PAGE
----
However, we found the engine runs hot and blow a lot of that heat on to both legs and makes the rider’s seat uncomfortably warm.
That may be fine in an English winter, but it’s quite unsettling in an Australian summer.
The heat is bad enough in traffic but it doesn’t dissipate with speed, either.
It’s not only hot in the go department but also in the stopping department. The front brake is very powerful with plenty of feel and progression although with a bit too much initial bite for off-road duties.
The rear brake is one of the best I have used. It’s not only strong, but also provides good feedback, making it excellent for off-road duties.
Where this bike shines is on twisty, rough roads.
The fully adjustable, long-travel conventional suspension arrangement feels up to the task of the most grueling surface.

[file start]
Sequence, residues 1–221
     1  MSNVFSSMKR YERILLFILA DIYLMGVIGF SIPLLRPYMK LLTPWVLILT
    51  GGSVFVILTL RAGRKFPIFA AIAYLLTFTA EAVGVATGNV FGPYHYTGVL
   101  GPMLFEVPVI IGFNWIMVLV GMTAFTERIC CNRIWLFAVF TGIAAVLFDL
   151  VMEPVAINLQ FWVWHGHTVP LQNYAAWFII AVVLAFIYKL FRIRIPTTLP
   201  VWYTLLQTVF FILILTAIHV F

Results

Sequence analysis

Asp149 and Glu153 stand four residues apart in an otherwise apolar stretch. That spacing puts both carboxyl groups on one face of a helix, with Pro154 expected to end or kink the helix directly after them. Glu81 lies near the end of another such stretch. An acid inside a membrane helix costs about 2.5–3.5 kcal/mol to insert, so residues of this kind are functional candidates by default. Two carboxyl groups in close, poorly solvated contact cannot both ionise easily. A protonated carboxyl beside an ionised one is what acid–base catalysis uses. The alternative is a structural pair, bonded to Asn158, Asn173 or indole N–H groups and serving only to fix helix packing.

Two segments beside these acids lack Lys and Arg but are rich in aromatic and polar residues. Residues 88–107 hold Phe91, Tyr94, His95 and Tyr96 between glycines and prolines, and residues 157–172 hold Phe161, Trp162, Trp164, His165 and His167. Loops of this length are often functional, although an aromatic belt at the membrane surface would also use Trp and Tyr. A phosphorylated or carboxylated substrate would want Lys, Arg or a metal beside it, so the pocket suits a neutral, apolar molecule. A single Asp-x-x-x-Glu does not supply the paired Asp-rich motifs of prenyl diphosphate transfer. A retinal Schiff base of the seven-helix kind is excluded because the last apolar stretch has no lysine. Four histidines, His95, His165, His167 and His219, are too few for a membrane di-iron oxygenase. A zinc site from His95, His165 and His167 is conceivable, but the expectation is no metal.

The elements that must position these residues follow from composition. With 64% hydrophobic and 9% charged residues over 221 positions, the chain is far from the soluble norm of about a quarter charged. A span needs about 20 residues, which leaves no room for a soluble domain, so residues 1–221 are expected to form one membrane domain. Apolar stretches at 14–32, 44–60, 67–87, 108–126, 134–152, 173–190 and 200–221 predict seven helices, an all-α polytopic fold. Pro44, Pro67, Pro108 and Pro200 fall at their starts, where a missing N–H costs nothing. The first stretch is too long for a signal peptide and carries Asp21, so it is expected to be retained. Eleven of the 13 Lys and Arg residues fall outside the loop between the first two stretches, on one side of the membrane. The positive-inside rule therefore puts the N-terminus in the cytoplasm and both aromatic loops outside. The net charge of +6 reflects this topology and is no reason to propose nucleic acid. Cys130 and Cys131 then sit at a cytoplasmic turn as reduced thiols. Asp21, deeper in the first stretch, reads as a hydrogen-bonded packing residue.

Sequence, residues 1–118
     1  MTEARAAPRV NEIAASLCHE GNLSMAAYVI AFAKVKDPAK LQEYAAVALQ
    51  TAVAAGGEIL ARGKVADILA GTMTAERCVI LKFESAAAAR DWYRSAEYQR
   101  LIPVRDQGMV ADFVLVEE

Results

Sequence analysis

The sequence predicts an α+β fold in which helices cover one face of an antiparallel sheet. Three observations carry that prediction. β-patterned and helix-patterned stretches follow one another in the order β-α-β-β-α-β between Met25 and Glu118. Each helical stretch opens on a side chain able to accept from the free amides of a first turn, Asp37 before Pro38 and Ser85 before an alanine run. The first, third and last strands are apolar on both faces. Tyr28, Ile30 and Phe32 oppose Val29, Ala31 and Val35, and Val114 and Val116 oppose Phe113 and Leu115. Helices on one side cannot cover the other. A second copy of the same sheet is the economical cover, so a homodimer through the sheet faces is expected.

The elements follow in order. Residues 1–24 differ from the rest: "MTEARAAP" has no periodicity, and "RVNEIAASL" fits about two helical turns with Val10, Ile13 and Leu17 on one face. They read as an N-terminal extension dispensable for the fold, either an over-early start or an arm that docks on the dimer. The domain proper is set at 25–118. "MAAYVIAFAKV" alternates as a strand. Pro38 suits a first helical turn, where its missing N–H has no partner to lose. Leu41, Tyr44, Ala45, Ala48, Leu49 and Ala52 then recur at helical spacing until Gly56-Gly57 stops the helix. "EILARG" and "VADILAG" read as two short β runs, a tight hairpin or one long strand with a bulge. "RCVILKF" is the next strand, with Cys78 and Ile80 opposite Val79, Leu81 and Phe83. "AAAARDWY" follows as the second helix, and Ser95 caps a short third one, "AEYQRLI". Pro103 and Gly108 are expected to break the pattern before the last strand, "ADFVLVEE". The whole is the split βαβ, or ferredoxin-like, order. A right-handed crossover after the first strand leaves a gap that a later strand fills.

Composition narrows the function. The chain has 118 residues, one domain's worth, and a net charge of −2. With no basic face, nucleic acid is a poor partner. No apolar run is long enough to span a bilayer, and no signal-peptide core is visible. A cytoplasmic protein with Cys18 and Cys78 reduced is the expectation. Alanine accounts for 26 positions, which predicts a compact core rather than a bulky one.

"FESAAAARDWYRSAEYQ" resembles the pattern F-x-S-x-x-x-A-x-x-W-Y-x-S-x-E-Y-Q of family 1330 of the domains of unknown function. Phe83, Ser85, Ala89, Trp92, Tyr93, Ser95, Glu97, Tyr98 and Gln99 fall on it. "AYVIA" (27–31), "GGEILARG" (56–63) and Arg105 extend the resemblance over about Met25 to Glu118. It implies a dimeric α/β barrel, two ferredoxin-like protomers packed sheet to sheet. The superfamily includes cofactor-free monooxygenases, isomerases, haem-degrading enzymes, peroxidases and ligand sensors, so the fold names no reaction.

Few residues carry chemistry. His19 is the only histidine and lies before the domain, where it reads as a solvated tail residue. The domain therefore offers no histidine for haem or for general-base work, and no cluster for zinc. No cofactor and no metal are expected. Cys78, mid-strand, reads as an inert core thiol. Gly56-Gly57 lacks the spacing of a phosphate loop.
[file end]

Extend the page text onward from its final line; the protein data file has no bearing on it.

It changes direction quickly and nimbly, turns in rapidly and feels positive and in control. Riders will feel totally connected to the road.
At low speeds you can feel the high centre of gravity and extra weight, yet it doesn’t feel twitchy at high speeds.
In fact, it’s very stable on the highways and byways and will gallop on for kilometre after kilometre, making it an excellent cross-country tourer.
Fuel economy is pretty good at 5.5L/100km on test, which is similar to the GS, but the tank is three litres smaller at 20 litres, which shortens its effective touring range.
The ergonomics are good for long spells with a neutral riding position and leisurely reach to the wide bars.
Footpegs are a little high, but you can easily raise the seat to provide more legroom.